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As Newark seniors await graduation plans, New Jersey says only virtual events allowed

The New Jersey education department said last week that “only virtual graduation ceremonies can be planned at this time.” In Newark, seniors are waiting to learn what that will look like.
Getty Images/WIN-Initiative

Like districts across the country, Newark is wrestling with a quarantine quandary: How can high schools adhere to safety rules during the pandemic while still celebrating seniors?

Some students have proposed drive-through graduation ceremonies where a procession of cars line up at schools and graduates pick up their diplomas individually. But state officials appeared to throw cold water on such plans, issuing guidance letters on Friday and Saturday saying any in-person ceremonies — including parades — would violate the governor’s lockdown orders and “only virtual graduation ceremonies can be planned at this time.”

Now, Newark’s Class of 2020 is awaiting word from Superintendent Roger León. León held a virtual meeting with seniors last week where he said that graduation will happen on June 18 — but he has not announced what the ceremony will look like.

“That’s the million-dollar question at this point,” said Devon Corry, a 12th-grader at University High School. “That’s what we’re all waiting for.”

High schools nationwide are finding creative ways to salvage graduation for the Class of 2020, which has already missed out on cherished senior year milestones such as prom and class trips due to the coronavirus pandemic. Some districts have unveiled plans for in-person but socially distanced events, including car parades, drive-through diploma pick-ups, and closed ceremonies where seniors walk across the stage in front of mostly empty auditoriums.

But on Friday, New Jersey’s education department issued the guidance saying only virtual graduation events are currently allowed. The letter offered suggestions, including airing messages on local TV stations, streaming speeches online, or even hosting digital ceremonies on gaming platforms.

The state police superintendent, Col. Patrick Callahan, followed up with a letter on Saturday reiterating that any graduation events that “invite people to gather at a certain location” would violate Gov. Murphy’s emergency orders, which ban public gatherings and forbid leaving the home except for approved reasons. Callahan clarified during a coronavirus briefing Monday that people may drive past graduates’ homes to cheer them on from their cars — but no one should gather at schools or other public places.

“It stinks, there’s no other way to put it,” Murphy said Monday, but added that the need to limit the spread of the coronavirus must outweigh the desire to honor the Class of 2020. “We feel awful, but we also have to make sure that by celebrating this year that we don’t lose somebody.”

The restrictions appear to dash the hopes of students such as Corry, who had envisioned something more memorable than an online commencement.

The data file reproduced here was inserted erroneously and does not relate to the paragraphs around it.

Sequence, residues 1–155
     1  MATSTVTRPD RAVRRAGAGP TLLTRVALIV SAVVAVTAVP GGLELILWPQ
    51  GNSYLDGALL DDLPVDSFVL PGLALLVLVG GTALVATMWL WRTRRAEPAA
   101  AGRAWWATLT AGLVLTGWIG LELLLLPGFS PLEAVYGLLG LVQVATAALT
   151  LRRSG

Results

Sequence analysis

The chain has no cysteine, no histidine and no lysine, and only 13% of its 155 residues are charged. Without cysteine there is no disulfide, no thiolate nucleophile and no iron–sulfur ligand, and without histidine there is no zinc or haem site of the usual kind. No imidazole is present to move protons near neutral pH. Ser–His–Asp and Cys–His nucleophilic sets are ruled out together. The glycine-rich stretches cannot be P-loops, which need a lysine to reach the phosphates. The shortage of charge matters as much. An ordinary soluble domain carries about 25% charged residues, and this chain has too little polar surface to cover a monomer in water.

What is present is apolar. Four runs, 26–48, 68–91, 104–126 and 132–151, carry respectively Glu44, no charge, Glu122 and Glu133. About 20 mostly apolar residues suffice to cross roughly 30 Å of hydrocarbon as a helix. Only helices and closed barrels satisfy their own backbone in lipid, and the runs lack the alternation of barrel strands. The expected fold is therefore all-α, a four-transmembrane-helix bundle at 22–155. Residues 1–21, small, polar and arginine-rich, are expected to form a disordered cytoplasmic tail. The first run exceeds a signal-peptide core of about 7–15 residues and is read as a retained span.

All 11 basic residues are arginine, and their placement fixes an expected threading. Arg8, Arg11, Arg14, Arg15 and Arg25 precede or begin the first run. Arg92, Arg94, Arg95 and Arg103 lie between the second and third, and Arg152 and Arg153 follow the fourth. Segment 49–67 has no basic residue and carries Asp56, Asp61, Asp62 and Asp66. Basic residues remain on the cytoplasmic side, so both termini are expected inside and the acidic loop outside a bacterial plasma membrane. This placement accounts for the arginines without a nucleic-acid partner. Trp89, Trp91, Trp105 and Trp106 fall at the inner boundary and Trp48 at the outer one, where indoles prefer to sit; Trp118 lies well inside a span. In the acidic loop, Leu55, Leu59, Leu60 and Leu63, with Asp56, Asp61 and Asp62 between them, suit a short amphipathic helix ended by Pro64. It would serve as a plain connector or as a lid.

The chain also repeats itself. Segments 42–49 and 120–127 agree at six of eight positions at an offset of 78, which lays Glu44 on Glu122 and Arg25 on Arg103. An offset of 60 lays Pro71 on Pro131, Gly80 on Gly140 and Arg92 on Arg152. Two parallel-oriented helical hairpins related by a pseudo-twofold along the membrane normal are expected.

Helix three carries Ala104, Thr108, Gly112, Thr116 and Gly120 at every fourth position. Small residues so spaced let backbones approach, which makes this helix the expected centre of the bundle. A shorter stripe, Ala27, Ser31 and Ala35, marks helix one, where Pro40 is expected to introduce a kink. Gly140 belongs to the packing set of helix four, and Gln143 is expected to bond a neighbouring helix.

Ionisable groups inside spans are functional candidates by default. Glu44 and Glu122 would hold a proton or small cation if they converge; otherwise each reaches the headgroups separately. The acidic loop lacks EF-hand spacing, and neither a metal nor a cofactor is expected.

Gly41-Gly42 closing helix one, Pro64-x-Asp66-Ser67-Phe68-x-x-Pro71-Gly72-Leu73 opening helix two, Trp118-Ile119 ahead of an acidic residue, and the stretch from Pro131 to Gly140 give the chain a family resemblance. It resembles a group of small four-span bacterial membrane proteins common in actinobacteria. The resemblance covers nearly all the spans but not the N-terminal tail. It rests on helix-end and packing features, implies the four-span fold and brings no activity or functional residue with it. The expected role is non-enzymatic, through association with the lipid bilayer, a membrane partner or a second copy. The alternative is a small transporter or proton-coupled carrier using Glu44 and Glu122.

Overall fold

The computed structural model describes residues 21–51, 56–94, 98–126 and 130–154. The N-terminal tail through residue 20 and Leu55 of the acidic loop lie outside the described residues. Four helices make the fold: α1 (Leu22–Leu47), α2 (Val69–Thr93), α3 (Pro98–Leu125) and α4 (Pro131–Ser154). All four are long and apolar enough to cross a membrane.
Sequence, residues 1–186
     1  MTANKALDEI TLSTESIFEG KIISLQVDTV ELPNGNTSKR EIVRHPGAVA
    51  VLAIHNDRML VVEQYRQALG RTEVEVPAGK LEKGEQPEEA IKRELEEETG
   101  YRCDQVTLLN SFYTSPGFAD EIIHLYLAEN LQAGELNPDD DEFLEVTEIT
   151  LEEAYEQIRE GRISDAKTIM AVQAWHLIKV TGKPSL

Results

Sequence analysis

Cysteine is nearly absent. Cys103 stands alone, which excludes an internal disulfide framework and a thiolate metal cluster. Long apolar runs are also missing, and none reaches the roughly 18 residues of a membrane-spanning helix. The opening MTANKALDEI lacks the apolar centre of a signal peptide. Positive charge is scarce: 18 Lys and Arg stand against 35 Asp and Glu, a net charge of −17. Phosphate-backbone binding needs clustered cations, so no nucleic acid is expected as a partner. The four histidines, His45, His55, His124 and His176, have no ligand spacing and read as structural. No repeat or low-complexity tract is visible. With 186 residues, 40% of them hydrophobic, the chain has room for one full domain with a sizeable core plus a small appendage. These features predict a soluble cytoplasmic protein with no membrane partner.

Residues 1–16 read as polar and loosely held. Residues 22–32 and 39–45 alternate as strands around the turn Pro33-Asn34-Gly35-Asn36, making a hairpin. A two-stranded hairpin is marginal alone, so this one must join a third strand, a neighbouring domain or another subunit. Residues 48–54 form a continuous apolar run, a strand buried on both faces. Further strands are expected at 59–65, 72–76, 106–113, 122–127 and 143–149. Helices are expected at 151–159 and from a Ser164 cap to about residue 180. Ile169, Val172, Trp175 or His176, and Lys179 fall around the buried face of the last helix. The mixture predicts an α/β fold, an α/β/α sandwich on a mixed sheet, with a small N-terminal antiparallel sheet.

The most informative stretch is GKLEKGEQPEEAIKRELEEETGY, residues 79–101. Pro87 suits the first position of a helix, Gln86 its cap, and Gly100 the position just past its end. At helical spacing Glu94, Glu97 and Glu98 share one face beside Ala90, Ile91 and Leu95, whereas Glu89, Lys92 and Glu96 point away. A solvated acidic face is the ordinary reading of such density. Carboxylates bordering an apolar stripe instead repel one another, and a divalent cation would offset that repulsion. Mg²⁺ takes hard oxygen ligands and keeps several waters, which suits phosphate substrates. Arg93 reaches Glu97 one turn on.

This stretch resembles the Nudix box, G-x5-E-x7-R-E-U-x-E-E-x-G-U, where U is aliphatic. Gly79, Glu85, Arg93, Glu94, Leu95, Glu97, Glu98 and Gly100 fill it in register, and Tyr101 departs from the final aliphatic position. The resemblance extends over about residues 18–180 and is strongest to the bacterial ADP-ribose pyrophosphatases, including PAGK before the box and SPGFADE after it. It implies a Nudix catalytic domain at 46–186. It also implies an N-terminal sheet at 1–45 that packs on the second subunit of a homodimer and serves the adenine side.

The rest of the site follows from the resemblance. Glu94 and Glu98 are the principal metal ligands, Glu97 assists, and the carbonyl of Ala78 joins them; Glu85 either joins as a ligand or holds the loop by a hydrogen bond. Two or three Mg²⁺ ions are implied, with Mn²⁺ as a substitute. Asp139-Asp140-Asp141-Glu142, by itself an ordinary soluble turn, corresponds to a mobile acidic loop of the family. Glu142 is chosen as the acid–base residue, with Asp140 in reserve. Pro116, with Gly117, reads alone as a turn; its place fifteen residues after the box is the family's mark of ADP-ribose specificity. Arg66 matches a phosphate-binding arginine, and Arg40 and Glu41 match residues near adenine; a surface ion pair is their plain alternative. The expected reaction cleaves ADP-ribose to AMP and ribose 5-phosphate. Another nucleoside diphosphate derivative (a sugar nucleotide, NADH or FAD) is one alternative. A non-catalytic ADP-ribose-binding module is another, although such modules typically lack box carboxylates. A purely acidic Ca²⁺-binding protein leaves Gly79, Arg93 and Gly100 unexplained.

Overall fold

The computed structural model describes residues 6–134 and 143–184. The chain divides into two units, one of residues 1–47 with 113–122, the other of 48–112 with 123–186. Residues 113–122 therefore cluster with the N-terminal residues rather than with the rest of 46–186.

Devon Corry, a senior at University High School, reads at home while school buildings are closed. Corry developed a detailed proposal for drive-by graduation ceremonies in Newark — but new state guidelines say only virtual events are allowed.
Courtesy of Devon Corry

Along with his senior class advisor, Corry developed a detailed proposal for a drive-through graduation where students would hop out of their cars to collect their diplomas and pose for photos one at a time. While graduates awaited their turns, they could watch their school’s valedictorian and salutatorian give livestreamed speeches. Corry, who is the school’s student government president, detailed his plan in an online petition last week that garnered nearly 100 signatures.

Corry is disappointed that his plan now seems unlikely, but he’s trying to keep things in perspective.

“While graduation is one of the biggest milestones in your life, we have to think that we are blessed to have life,” he said, nothing that some students have lost loved ones to the virus.

Stephanie Jones, the class advisor, said seniors will still receive caps and gowns, though the school must figure out how to safely distribute those items and let students clear out their lockers. The school is also honoring seniors by posting their photos on social media along with the colleges they plan to attend this fall. But everyone is still waiting on León to announce the district’s virtual graduation plans, said Jones, who teaches English at University.

“Knowing our superintendent, it will be big,” she said. “We just don’t know anything concrete.”

A district spokeswoman said plans are still being completed, and added that Murphy’s stay-home orders appear to forbid drive-though graduations.

In a letter to families last week, León did not provide details about his plans, but promised “the most incredible graduation ceremony this city has ever experienced.”

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